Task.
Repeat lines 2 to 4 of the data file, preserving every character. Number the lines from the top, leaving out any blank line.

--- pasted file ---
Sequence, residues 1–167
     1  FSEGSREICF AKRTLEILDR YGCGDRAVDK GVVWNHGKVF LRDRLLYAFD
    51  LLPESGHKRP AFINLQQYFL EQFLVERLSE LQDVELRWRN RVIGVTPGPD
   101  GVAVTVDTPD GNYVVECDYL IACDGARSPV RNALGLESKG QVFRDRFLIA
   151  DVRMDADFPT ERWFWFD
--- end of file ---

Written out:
     1  FSEGSREICF AKRTLEILDR YGCGDRAVDK GVVWNHGKVF LRDRLLYAFD
    51  LLPESGHKRP AFINLQQYFL EQFLVERLSE LQDVELRWRN RVIGVTPGPD
   101  GVAVTVDTPD GNYVVECDYL IACDGARSPV RNALGLESKG QVFRDRFLIA